(HealthDay)—Age-related variation is seen in the characteristics and management of melanoma, according to a study published online Aug. 14 in JAMA Dermatology.
Dragos Ciocan, M.D., from the Hôpital Robert Debré in Reims, France, and colleagues conducted a retrospective population-based study involving 1,621 incident cases of primary stage I or II melanoma in 2004 and 2008 to identify characteristics of melanoma and its management in elderly versus younger patients. The cohort included 487 patients aged 70 years or older and 1,134 patients aged younger than 70 years.
The researchers found that older patients had melanomas of the head and neck significantly more frequently (29.4 versus 8.7 percent), and histologic subtypes were more often nodular, lentigo maligna, or acral lentiginous. Compared with younger patients, older patients had thicker and more frequently ulcerated tumors, which were categorized as T3 or T4 in 36.7 and 20.1 percent of cases, respectively. Melanoma diagnosis was more frequent in general practice settings and less common in direct consultation with a dermatologist or during a routine skin cancer screening. For older patients, time to excision was longer, and insufficient excision margins were noted in 16.8 percent, compared to 5.0 percent in younger patients. Sentinel lymph node biopsy was performed in significantly fewer older versus younger patients with melanoma thicker than 1 mm (23.3 versus 41.4 percent). In older patients, adjuvant therapy was started less frequently and was stopped prematurely in a greater proportion of patients.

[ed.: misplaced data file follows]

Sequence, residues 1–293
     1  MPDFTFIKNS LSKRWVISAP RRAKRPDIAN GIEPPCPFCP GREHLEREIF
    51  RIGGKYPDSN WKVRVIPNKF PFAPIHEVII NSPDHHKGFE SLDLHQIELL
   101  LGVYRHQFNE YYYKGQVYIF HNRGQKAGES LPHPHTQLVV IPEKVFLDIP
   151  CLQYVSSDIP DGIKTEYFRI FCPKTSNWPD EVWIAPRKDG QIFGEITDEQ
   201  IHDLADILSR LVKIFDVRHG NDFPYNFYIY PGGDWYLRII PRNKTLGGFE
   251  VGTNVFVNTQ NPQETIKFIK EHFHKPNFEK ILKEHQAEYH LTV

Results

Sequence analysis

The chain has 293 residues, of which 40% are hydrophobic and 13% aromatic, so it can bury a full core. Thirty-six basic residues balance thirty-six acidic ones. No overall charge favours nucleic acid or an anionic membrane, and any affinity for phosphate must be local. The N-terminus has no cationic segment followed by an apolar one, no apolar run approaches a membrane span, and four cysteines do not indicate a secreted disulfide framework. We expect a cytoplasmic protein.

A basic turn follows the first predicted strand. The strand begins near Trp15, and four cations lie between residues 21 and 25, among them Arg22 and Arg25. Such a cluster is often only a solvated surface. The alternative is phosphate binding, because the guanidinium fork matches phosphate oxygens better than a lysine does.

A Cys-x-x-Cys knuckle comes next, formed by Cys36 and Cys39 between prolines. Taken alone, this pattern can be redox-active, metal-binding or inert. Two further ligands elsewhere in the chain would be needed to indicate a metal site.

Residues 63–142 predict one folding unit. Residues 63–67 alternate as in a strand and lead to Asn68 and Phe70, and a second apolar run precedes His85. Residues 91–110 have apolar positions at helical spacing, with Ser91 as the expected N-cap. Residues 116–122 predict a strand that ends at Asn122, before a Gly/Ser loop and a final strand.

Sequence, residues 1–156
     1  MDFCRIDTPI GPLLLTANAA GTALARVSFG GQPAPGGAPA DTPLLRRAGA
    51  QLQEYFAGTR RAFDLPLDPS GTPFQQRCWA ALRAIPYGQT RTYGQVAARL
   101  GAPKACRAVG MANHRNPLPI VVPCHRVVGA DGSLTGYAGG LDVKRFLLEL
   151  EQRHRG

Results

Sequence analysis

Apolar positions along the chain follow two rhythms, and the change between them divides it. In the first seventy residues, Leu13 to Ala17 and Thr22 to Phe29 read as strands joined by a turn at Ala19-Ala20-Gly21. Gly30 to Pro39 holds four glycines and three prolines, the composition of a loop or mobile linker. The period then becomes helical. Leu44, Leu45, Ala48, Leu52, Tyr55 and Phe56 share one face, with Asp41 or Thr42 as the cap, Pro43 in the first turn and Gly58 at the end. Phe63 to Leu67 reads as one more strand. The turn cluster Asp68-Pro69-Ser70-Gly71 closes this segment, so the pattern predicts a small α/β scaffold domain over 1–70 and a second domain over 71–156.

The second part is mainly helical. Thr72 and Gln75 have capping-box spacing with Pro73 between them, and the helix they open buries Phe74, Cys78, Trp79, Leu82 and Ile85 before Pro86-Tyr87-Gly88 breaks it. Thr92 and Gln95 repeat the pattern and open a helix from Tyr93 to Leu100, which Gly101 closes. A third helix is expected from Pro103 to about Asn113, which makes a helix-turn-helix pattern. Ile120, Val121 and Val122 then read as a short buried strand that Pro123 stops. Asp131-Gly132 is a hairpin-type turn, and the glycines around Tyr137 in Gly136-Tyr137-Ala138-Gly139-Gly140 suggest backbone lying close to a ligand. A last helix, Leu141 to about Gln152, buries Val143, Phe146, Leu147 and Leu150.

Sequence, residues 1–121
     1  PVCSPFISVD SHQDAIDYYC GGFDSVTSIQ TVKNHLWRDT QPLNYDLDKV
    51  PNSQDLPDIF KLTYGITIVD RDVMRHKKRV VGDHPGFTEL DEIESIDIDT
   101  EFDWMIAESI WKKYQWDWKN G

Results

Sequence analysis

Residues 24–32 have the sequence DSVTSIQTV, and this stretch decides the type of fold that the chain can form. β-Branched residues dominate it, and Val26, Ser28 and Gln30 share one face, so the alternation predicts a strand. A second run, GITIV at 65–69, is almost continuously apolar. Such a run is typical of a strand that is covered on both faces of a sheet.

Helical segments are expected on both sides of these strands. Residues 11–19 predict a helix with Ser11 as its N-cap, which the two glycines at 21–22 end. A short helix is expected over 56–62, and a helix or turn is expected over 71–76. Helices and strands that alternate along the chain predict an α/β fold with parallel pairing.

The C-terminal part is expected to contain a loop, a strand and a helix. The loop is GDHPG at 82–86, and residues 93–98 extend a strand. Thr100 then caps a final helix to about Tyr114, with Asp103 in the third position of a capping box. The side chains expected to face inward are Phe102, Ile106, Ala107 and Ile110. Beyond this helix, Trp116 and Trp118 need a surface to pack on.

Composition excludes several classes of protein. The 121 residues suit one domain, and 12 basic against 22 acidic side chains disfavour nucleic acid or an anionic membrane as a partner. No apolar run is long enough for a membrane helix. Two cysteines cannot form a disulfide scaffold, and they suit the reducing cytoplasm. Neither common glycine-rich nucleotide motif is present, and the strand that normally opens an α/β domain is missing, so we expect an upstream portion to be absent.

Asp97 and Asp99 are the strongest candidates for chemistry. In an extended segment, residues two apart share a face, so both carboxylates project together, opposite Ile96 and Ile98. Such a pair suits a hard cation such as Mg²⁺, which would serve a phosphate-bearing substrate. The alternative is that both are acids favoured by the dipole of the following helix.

"Age-related variations are observed at every step of melanoma management," the authors write. "The most important concerns are access of elderly people to settings for early diagnosis and excision with appropriate margins."
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